From Athanasius' Life of Antony:
5. . . . But when the enemy [the devil] saw himself to be too weak for Antony's determination, and that he rather was conquered by the other's firmness, overthrown by his great faith and falling through his constant prayers, then at length putting his trust in the weapons which are 'in the navel of his belly' and boasting in them–for they are his first snare for the young–he attacked the young man, disturbing him by night and harassing him by day, so that even the onlookers saw the struggle which was going on between them. The one would suggest foul thoughts and the other counter them with prayers: the one fire him with lush the other, as one who seemed to blush, fortify his body with faith, prayers, and fasting. And the devil, unhappy wight, one night even took upon him the shape of a woman and imitated all her acts simply to beguile Antony.
But he, his mind filled with Christ and the nobility inspired by Him, and considering the spirituality of the soul, quenched the coal of the other's deceit. Again the enemy suggested the ease of pleasure. But he like a man filled with rage and grief turned his thoughts to the threatened fire and the gnawing worm, and setting these in array against his adversary, passed through the temptation unscathed. All this was a source of shame to his foe. For he, deeming himself like God, was now mocked by a young man; and he who boasted himself against flesh and blood was being put to flight by a man in the flesh. For the Lord was working with Antony–the Lord who for our sake took flesh and gave the body victory over the devil, so that all who truly fight can say, ' not I but the grace of God which was with me.'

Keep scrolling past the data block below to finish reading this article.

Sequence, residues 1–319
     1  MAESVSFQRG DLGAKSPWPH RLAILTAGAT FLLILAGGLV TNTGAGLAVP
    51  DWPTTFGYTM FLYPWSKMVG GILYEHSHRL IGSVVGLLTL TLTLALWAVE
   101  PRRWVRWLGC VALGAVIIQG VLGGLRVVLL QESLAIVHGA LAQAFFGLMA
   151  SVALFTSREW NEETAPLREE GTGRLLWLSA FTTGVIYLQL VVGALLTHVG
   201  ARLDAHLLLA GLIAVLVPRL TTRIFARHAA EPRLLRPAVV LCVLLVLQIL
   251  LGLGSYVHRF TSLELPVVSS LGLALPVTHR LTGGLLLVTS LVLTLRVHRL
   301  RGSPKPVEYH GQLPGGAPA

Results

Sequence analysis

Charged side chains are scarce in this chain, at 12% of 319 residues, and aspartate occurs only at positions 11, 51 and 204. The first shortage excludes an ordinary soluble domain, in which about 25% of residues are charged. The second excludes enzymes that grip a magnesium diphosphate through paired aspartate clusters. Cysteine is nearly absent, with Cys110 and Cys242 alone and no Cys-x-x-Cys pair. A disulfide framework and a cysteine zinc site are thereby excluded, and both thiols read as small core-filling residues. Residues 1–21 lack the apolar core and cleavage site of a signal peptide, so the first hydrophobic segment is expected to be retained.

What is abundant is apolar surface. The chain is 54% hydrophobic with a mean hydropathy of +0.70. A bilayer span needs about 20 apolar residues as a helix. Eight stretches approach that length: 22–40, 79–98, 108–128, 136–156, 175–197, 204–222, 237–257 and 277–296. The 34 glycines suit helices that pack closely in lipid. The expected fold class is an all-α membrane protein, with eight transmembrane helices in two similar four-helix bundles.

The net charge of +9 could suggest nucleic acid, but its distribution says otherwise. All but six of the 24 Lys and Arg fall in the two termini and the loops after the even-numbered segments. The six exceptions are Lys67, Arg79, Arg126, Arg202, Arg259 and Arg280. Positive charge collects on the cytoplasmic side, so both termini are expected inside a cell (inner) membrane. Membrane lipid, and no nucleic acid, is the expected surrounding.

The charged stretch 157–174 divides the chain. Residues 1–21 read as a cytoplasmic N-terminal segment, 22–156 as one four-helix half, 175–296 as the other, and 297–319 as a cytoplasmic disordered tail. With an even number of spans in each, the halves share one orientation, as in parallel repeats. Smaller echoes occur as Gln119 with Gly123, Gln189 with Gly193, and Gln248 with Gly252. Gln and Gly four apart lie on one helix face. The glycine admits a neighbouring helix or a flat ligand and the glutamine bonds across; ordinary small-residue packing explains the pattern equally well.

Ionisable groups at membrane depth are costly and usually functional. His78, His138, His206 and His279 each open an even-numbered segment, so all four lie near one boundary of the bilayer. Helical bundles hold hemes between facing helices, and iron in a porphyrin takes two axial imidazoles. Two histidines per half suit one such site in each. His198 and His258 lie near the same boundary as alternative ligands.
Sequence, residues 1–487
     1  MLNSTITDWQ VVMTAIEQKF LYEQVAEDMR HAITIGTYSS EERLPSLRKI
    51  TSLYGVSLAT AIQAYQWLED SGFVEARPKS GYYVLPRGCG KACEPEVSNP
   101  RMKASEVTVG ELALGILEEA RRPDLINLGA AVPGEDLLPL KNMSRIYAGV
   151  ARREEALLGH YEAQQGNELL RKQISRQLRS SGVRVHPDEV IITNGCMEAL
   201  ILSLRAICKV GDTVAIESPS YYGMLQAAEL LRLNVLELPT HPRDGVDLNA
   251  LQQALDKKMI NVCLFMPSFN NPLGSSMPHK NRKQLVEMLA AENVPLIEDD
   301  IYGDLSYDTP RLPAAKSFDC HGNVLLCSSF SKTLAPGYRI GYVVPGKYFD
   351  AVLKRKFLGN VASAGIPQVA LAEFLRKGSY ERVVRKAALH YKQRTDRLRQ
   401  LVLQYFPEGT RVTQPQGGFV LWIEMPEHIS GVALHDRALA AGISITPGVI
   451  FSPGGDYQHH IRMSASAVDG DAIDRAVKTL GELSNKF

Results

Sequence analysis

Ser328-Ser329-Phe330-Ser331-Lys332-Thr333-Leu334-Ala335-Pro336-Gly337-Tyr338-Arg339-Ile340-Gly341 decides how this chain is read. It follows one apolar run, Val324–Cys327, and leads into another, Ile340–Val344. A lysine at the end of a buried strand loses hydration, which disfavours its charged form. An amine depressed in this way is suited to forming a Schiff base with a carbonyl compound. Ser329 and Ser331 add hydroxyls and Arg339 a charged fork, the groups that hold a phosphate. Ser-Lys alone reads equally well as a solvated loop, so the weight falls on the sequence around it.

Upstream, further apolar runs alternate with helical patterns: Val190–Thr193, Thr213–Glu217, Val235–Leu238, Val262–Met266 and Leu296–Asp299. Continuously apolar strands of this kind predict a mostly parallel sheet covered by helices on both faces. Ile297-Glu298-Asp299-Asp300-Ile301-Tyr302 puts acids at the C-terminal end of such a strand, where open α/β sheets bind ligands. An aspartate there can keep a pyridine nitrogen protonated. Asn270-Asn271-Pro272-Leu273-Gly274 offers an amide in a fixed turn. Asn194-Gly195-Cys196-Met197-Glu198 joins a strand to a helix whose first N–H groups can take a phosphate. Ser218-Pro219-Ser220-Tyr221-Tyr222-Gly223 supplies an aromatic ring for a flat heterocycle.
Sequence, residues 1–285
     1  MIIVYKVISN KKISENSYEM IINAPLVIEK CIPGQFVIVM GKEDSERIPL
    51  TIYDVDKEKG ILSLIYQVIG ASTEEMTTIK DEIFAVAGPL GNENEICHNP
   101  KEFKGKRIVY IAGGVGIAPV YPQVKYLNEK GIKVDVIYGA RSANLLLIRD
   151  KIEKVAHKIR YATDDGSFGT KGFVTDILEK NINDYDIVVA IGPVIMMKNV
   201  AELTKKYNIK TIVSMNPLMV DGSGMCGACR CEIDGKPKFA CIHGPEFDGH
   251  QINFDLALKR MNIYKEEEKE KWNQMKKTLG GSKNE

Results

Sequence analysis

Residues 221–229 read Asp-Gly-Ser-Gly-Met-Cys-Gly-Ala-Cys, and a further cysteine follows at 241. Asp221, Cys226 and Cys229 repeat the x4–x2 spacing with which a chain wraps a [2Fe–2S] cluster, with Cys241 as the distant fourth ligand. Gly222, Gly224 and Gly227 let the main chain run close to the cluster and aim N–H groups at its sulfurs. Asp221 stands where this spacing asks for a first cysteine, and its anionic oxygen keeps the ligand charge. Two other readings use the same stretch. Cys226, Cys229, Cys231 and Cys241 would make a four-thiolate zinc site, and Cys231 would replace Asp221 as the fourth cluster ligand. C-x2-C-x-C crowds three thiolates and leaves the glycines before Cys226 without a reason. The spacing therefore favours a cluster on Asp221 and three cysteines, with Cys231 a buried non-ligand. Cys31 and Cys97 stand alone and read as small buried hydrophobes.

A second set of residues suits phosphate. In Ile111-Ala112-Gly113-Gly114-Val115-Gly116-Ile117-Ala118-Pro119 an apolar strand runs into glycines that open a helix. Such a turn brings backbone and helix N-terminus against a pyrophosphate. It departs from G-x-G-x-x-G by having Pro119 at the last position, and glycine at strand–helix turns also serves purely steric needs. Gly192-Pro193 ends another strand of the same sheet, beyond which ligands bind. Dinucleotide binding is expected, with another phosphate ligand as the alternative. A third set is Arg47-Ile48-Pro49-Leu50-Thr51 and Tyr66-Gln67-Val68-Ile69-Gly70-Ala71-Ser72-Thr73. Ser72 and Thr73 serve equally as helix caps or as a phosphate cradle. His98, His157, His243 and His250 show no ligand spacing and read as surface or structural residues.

6. At last when the dragon could not even thus overthrow Antony, but saw himself thrust out of his heart, gnashing his teeth as it is written, and as it were beside himself, he appeared to Antony like a black boy, taking a visible shape in accordance with the colour of his mind. And cringing to him, as it were, he plied him with thoughts no longer, for guileful as he was, he had been worsted, but at last spoke in human voice and said, 'Many I deceived, many I cast down; but now attacking thee and thy labours as I had many others, I proved weak.'
When Antony asked, Who art thou who speakest thus with me? he answered with a lamentable voice, 'I am the friend of whoredom, and have taken upon me incitements which lead to it against the young. I am called the spirit of lust. How many have I deceived who wished to live soberly, how many are the chaste whom by my incitements I have over-persuaded! I am he on account of whom also the prophet reproves those who have fallen, saying, "Ye have been caused to err by the spirit of whoredom." For by me they have been tripped up. I am he who have so often troubled thee and have so often been overthrown by thee.'
But Antony having given thanks to the Lord, with good courage said to him, ' Thou art very despicable then, for thou art black-hearted and weak as a child. Henceforth I shall have no trouble from thee, "for the Lord is my helper, and I shall look down on mine enemies."'
Having heard this, the black one straightway fled, shuddering at the words and dreading any longer even to come near the man.
7. This was Antony's first struggle against the devil, or rather this victory was the Saviour's work in Antony, 'Who condemned sin in the flesh that the ordinance of the law might be fulfilled in us who walk not after the flesh but after the spirit.' But neither did Antony, although the evil one had fallen, henceforth relax his care and despise him; nor did the enemy as though conquered cease to lay snares for him. For again he went round as a lion seeking some occasion against him.
But Antony having learned from the Scriptures that the devices of the devil are many, zealously continued the discipline, reckoning that though the devil had not been able to deceive his heart by bodily pleasure, he would endeavour to ensnare him by other means. . . .